Many military families this spring find themselves caught between a rock and a hard place, or better said COVID-19 and orders to PCS. Tara Hale and her family are one such story. Currently stationed at Keesler AFB in Biloxi, MS, Tara, her husband Jacob, and their family got orders to move to Washington for a report no later than date of June 30th.
Green light. Red Light. Green Light.
In late March, stop-movement orders came down, leaving almost 30,000 troops in limbo between deployments, PCS dates, and orders – the Hale family being one of them. For many families during PCS, there are hotels to reserve, flights to book, appointments, and movers to schedule. Being told to hurry up and wait is par for the course, but with stop-orders, it creates a domino effect of stress if they suddenly lift two weeks before your departure date, which is what happened to the Hale’s. Command told them three weeks before June 1st to not plan anything financially for the move. A week later, they got the green light, which lasted for two days before being told to pause again until a week later getting the final go-ahead. This created a back and forth of will-they-won’t they in an attempt to complete the out-processing checklist.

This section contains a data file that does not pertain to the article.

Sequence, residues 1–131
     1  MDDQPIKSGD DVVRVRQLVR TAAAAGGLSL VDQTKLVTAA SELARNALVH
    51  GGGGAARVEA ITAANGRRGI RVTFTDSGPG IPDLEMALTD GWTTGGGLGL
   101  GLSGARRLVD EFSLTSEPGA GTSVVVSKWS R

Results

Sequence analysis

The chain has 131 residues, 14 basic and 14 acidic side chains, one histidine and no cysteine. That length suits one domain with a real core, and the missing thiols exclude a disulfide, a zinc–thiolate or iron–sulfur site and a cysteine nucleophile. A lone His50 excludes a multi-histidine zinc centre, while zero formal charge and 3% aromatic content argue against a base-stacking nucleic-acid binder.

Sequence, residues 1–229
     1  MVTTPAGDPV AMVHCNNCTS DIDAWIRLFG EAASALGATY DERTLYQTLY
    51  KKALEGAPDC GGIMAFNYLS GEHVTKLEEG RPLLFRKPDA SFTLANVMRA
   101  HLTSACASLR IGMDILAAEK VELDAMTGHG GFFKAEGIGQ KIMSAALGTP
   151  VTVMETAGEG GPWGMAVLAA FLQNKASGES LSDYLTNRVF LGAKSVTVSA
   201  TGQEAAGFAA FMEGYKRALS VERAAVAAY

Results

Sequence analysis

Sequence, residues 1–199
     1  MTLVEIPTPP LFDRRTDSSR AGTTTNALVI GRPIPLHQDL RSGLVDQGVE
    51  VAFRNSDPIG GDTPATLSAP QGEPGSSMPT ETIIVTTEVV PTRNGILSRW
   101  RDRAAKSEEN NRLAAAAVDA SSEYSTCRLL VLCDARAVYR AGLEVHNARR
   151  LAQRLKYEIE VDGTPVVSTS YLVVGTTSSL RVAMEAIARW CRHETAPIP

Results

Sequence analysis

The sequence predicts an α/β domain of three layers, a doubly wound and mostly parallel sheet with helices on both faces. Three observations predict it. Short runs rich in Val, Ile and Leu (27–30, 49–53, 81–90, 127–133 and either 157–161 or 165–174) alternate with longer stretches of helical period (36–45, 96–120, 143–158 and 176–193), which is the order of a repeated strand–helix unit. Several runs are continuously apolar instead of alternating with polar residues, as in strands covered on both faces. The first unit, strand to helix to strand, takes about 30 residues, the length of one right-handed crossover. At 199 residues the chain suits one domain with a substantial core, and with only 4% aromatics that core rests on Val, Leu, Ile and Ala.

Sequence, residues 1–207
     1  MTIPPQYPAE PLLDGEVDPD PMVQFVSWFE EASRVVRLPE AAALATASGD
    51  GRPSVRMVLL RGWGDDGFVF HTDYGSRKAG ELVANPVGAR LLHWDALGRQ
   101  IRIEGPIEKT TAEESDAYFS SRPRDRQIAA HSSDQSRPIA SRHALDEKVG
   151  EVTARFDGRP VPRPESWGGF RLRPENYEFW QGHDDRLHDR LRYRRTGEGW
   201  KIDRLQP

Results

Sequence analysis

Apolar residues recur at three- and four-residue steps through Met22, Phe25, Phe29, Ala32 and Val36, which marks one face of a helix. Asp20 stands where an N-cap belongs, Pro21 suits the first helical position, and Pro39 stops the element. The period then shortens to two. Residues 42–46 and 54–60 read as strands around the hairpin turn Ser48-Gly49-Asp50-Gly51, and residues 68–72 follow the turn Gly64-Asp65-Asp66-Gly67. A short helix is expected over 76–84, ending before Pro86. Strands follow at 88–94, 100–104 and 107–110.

Three kids, a dog, a hamster and hope
Base housing in Washington has a long wait, so the Hale’s placed a deposit and signed a lease on a rental home so they can have a place to live when they arrive. Putting the deposit down helped solidify the choice they were making, embedding hope into the future—an anchor of certainty among the storm of PCS. They are preparing to embark on a 41-hour road trip with their kids, one of whom recently broke her arm, and a dog who was just diagnosed with diabetes.
Pause, breathe and move forward.
Tara shares her perspective, ‘As a spouse, I can’t do much of anything, but things like picking up an extra month of prescription just in case. I can remind myself that even though it’s crazy, our military life has a way of working out one way or another.’ May we all embrace the military spouse tenacity we need to keep each other, our families, and ourselves afloat during this time, and remember we’re all in this together.